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IFC Supports $155 Million Initiative to Boost Micro and Small Businesses in Central Asia


Afshin Molavi
Phone: (202) 458-5674

Fax:  (202) 974-4384

E-mail:  
amolavi@ifc.org


Washington D.C, August 5, 2002—In an ambitious initiative that will support micro and small enterprises (MSE’s) in four countries of Central Asia, the International Finance Corporation – the private sector development arm of the World Bank – will provide up to US$45 million for lending (in the form of credit lines) to local banks for onlending to MSE’s in Kazakhstan, the Kyrgyz Republic, Uzbekistan, and Tajikistan.  The European Bank for Reconstruction and Development will provide $107 million for this same program, with the Swiss Secretariat for Economic Affairs (SECO) contributing $3 million, providing a substantial boost to the local banking sector.

This new EBRD-IFC program will help bridge the gap between local banks and MSE’s, which are currently underserved by existing financial institutions.


Khosrow Zamani, IFC’s Director for Southern Europe and Central Asia, said: “This new  program will enable local banks to offer reliable, affordable sources of credit and other banking services that are essential to MSE growth.  Small business growth is critical to Central Asia’s economic development.”


Recent economic reforms and privatizations in Central Asia have led to significant numbers of public sector lay-offs, adding urgency to the need to create a strong private sector. Currently, MSEs play a prominent role in Central Asia’s private sector.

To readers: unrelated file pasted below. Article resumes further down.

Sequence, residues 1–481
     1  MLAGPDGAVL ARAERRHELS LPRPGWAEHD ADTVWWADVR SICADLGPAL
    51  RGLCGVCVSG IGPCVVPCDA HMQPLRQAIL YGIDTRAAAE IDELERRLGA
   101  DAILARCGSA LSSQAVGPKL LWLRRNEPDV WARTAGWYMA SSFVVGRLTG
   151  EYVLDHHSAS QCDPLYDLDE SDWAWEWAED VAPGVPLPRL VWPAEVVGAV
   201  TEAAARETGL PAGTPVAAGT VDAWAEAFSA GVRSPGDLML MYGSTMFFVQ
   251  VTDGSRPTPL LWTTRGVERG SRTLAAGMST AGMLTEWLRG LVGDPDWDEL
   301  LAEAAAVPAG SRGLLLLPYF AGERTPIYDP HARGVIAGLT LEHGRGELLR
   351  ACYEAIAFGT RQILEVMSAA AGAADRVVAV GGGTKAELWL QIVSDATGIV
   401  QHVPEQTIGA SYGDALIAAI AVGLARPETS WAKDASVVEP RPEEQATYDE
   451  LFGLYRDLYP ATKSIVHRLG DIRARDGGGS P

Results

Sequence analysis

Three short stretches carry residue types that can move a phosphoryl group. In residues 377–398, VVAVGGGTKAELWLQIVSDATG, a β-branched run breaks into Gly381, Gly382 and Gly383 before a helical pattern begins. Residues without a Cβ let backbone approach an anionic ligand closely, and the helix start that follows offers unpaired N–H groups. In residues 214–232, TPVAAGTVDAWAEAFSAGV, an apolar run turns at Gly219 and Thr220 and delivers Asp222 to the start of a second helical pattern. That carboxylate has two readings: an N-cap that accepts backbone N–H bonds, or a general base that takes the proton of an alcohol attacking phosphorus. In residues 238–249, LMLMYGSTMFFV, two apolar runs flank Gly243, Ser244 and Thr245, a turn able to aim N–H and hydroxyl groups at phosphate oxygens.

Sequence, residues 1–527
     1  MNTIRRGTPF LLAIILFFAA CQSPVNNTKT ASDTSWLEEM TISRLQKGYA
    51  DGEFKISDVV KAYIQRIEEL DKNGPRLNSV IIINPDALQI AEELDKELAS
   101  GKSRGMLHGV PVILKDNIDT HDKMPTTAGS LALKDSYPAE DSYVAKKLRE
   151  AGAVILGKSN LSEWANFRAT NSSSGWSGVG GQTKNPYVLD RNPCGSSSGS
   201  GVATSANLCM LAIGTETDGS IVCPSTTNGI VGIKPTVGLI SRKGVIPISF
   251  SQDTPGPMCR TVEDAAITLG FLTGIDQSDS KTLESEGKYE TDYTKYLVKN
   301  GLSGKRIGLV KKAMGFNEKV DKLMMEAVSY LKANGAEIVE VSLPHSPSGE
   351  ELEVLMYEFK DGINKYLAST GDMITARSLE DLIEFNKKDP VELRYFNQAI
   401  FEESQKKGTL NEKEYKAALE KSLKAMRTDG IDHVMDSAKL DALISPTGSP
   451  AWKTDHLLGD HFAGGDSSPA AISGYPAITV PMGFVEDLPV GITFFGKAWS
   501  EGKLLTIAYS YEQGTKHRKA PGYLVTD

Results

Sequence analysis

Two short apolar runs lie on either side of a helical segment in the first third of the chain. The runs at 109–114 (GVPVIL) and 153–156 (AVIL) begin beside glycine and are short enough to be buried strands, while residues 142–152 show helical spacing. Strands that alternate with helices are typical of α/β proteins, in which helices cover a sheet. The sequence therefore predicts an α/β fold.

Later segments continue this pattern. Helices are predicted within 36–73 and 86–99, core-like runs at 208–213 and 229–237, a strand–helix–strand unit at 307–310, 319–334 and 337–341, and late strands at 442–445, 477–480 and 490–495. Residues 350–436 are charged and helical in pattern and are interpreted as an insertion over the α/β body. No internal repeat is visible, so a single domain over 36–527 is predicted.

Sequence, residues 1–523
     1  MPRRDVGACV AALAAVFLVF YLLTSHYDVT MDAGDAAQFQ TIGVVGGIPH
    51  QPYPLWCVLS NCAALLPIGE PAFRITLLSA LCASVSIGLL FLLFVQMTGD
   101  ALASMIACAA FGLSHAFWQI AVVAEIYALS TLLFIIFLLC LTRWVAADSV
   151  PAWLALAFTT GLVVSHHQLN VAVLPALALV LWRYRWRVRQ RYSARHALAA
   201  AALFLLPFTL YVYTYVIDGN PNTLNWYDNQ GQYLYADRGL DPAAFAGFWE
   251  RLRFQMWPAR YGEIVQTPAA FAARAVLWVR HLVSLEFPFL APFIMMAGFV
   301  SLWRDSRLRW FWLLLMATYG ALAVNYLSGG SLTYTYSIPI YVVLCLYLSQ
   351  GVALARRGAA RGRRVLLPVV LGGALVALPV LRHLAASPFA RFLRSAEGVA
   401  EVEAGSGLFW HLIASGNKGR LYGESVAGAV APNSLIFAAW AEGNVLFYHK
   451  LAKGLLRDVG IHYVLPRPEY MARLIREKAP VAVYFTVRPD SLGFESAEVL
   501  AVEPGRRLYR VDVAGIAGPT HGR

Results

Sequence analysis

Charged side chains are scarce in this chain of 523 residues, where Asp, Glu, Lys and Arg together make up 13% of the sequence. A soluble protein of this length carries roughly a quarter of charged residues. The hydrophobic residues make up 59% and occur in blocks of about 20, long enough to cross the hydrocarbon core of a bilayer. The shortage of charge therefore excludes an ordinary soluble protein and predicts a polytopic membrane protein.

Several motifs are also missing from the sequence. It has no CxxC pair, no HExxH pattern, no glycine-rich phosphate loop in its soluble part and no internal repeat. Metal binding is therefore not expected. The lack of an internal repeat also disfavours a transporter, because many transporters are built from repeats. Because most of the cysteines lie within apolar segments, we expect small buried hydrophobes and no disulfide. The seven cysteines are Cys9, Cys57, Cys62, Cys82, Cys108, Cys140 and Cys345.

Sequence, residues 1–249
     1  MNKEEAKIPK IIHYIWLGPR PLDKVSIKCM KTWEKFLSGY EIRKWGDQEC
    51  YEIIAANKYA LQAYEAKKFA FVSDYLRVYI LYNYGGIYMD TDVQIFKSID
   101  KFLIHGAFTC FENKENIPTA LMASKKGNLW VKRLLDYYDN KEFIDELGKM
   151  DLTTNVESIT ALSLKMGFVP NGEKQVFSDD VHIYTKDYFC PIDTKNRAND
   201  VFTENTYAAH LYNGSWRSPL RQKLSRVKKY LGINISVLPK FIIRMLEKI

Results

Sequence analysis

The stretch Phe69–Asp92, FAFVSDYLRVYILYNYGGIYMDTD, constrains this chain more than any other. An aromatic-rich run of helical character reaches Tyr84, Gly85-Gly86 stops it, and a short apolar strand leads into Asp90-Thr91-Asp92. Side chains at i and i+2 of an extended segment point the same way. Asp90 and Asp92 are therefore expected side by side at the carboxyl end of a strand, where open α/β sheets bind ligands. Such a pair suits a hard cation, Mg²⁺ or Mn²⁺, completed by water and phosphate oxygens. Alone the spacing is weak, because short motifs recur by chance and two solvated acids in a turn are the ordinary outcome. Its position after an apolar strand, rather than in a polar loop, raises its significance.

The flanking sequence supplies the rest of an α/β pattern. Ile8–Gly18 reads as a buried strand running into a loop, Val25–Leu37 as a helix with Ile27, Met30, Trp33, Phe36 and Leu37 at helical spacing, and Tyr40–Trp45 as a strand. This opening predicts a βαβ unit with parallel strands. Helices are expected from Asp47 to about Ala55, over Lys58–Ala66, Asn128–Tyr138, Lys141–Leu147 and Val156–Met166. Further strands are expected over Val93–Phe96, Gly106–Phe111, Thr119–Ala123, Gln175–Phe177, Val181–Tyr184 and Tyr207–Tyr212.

Selected banks that employ the credit facility will benefit from a comprehensive Technical Assistance program that will strengthen their lending and operational capacity.


The investment reflects an important aspect of IFC’s global microfinance strategy: providing support for commercially viable microfinance activities.  IFC believes that well-managed microfinance institutions can—and should—be commercially viable so that financial services can be provided to the underserved over the long term, resulting in a substantial and sustainable increase in the volume and range of financial services for microenterprises.


More than 500 million poor people around the world run profitable microenterprises and often cite credit as the primary constraint to business growth.  In the poorest countries, these activities constitute the private sector—generating jobs and resources for services crucial to poverty reduction, especially for women.


IFC’s mission is to promote sustainable private sector investment in developing countries, helping to reduce poverty and improve people’s lives.  IFC finances private sector investments in the developing world, mobilizes capital in the international financial markets, and provides technical assistance and advice to governments and businesses.  Since its founding in 1956, IFC has committed more than $31 billion of its own funds and arranged $20 billion in syndications for 2,636 companies in 140 developing countries.  IFC’s committed portfolio at the end of FY01 was $14.3 billion.

MFI Central Asia